We saw the same pattern with Romantic Fantasy in the 1980s and 1990s. It outsold a lot of more male-oriented fantasy, and fantasy by male authors, but somehow, hardly anyone who played TTRPGs seemed to have read it, even when they'd read obscure-as-hell extruded paste fantasy by male authors. Only when Blue Rose came out did it really get recognised at all, and a lot of the bizarre hate some people had for Blue Rose was simply that it represented a different paradigm of fantasy, and one that some men felt very threatened by.

Is any of it good or innovative? Hmmm. Some of it is? I mean, mostly it's just different? Like, the 90% rule applies here as with all fantasy (and most genres in fact). I read the first Throne of Glass book. I wouldn't call it good, but it have stuff in it that a lot of fantasy just doesn't - like the main character actually has a menstrual cycle and it impacts their life/feelings, etc., for example, and indeed, doing hard exercise isn't some cool thing that just makes you stronger like most fantasy, but the character gets lactic acid build up (they don't know it's called that, obviously), and pukes all over the place. Indeed this kind of slightly "closer to the real" in terms of bodies and behaviour/feelings deal is fairly common in the subgenre (Mistborn is a notable reversal, where it's completely unrealistic about both - but Sanderson himself has discussed how he sees that as a failing on his part), rather than power-trip "pain is just weakness leaving the body" stuff seen in a lot of fantasy. I think my only real criticism-criticism of Throne of Glass would be that it's about an assassin but the assassin never actually assassinates anyone, she continually manages to subvert having to actually do it and it's not terribly believable and sort of weakens the tension of the book. Most of my other "criticisms" would be a genre-reader mismatch issue, rather than actual failings. I'd have read the sequel if the last damn scene in the book wasn't yet another "Psych!!! I didn't actually kill them lol!" deal.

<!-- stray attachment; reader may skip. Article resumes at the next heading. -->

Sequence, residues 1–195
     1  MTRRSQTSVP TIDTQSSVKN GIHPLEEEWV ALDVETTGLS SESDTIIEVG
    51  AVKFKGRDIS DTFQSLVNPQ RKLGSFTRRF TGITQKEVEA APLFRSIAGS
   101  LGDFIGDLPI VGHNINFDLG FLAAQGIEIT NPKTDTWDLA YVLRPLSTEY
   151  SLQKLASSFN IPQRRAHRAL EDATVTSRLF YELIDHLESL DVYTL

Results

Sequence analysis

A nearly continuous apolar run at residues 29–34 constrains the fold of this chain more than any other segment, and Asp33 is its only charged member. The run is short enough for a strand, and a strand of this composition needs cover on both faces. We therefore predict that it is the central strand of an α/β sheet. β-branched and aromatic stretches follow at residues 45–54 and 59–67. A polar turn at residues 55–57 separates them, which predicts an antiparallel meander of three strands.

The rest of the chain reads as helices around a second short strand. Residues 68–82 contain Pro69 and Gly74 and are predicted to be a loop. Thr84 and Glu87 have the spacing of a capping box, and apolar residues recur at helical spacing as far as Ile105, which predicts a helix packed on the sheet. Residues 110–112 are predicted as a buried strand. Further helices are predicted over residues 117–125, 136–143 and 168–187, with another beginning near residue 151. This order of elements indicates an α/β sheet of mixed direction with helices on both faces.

There is no way I would play a sorcerer if I could play a warlock instead.
Right? You'd have to have a gun to my head.

Oh and ideas that didn't quite work:

Ultra-simplistic weapon rules - 5E has treated weapons more simplistically than any previous edition (including BECMI/RC D&D!). And like, personally, I don't think it's worked. It's lead to PCs not using diverse weapons, but instead a small selection of marginally more optimal weapons. I think D&D needs to "pick a lane" here, and either go for something like class-based damage (probably not) or weapons which have at least a little bit more going on, so there is actually a reason to use more of them. This has played out particularly poorly for extra-fancy weapons from 3E and 4E, and like, I kind of am fine with that but also "yawn".
 

Horwath

Hero
Right? You'd have to have a gun to my head.

Oh and ideas that didn't quite work:

Ultra-simplistic weapon rules - 5E has treated weapons more simplistically than any previous edition (including BECMI/RC D&D!). And like, personally, I don't think it's worked. It's lead to PCs not using diverse weapons, but instead a small selection of marginally more optimal weapons. I think D&D needs to "pick a lane" here, and either go for something like class-based damage (probably not) or weapons which have at least a little bit more going on, so there is actually a reason to use more of them. This has played out particularly poorly for extra-fancy weapons from 3E and 4E, and like, I kind of am fine with that but also "yawn".
I would say that STR based melee weapons need and damage die bump and that is it.
You cannot value Versatile property same as finesse.
And half the weapons have no sense whatsoever with any consistency in terms of damage and properties.
 



Remathilis

Legend
Do not touch my beautiful Warlock. I don’t think there’s a single thing they could do that would make me drop the new edintion faster than giving warlocks the same boring spell slot progression as every other caster. Leave them alone; if you don’t like them, just play a sorcerer or wizard or something instead. Just let us warlock fans keep the one cool spellcasting class to ourselves.
My big problem with pact magic is

1. Being tied to short rests makes their spell regain unreliable, and the majority of the early game is hoarding two spell slots if you don't think a short rest is going to be available.